A new national survey released this afternoon by the Pew Research Center has some bright news for the John Kerry campaign: President Bush's "dramatic" charge ahead in the polls following the Republican Convention lasted for, well, about a New York minute. The new poll shows that the battle for the White House is once again deadlocked:
"The latest national survey of 1,972 registered voters by the Pew Research Center for the People & the Press, conducted in two waves over a seven-day period, finds that the president's large margin of support in the initial period (Sept. 8-10) dissipated in the polling conducted Sept. 11-14. Among all registered voters Bush initially led Kerry by 52%-40%. However, the second wave of interviewing shows the race even among registered voters, at 46%-46%. When the sample is narrowed to likely voters, Bush holds a statistically insignificant lead of 47%-46% in the second wave, down from a huge 54%-38% advantage he held in the first wave of interviews." New polls out today from both the Economist and Harris show the same essential results.
And if all those fear mongering GOP speeches about the war on terrorism didn't stick, neither did Vice President Cheney's audacious claim that a vote for John Kerry would be a vote for an al-Qaida attack. The second wave of September polling by Pew showed that "fewer think the chances of terrorism would increase if Kerry is elected. In addition, a substantial majority of voters (66%) believe Vice President Cheney went too far when he suggested recently that risk of terrorism would increase if voters 'make the wrong choice.'"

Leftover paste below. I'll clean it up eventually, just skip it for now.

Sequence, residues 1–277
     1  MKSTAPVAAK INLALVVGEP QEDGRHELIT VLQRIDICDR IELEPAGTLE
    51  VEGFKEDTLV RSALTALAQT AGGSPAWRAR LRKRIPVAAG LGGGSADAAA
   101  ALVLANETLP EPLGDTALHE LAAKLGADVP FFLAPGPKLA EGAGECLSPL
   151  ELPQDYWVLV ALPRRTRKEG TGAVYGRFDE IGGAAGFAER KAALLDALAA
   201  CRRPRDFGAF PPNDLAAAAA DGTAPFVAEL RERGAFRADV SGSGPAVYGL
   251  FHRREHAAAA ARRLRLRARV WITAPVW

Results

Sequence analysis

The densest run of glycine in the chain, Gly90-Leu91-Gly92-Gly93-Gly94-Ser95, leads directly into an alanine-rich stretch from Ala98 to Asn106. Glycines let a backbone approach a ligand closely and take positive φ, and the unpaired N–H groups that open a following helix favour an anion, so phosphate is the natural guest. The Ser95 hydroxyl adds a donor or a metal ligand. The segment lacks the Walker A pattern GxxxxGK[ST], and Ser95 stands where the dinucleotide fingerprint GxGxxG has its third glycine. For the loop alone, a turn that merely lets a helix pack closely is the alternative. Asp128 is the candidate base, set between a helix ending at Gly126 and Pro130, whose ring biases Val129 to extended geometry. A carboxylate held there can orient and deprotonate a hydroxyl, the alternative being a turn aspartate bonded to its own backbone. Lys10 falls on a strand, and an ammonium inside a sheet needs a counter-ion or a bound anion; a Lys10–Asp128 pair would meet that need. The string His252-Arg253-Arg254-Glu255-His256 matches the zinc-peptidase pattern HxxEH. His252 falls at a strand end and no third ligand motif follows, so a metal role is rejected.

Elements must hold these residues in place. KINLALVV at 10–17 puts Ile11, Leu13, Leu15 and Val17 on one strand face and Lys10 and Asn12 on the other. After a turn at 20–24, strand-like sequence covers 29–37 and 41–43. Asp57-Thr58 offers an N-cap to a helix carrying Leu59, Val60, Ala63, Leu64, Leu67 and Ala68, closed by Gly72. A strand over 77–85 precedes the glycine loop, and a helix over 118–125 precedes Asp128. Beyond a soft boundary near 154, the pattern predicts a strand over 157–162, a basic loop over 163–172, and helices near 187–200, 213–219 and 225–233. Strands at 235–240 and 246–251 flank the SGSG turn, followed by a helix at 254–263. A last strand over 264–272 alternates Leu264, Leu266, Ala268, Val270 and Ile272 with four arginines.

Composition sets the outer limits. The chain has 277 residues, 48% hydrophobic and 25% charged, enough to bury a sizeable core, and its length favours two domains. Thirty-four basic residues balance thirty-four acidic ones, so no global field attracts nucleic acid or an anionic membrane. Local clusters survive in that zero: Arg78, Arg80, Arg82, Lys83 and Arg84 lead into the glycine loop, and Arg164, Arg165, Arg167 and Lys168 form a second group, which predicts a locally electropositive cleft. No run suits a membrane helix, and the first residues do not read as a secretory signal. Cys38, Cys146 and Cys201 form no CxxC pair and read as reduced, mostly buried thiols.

Still, Kerry continues to lag on some critical issues. Even with the picture in Iraq turning more grim by the day, "a majority of the electorate (52%) believes Bush can best handle the situation in Iraq, while 40% choose Kerry," according to the survey. And, "Bush's advantage over Kerry on dealing with the threat of terrorism, which widened considerably in the Sept. 8-10 survey, remains undiminished."
And while the presidential race has at times nearly been buried alive by an avalanche of backward-looking character attacks, a key constituency of voters is shrugging its shoulders:
"The questions surrounding Bush and Kerry's service during the Vietnam war have drawn much more attention from committed voters than swing voters. Fewer than one-in-five swing voters are following either story very closely."
With the national poll numbers even again (and keeping in mind that the numbers in crucial swing states like Ohio, where in one recent poll Bush led by nine points, ultimately matter more), the upcoming presidential debates could be more key than ever:
"Six-in-ten voters (61%) say it is very likely they will watch the debates between Bush and Kerry, which is significantly higher than debate interest in the last two elections."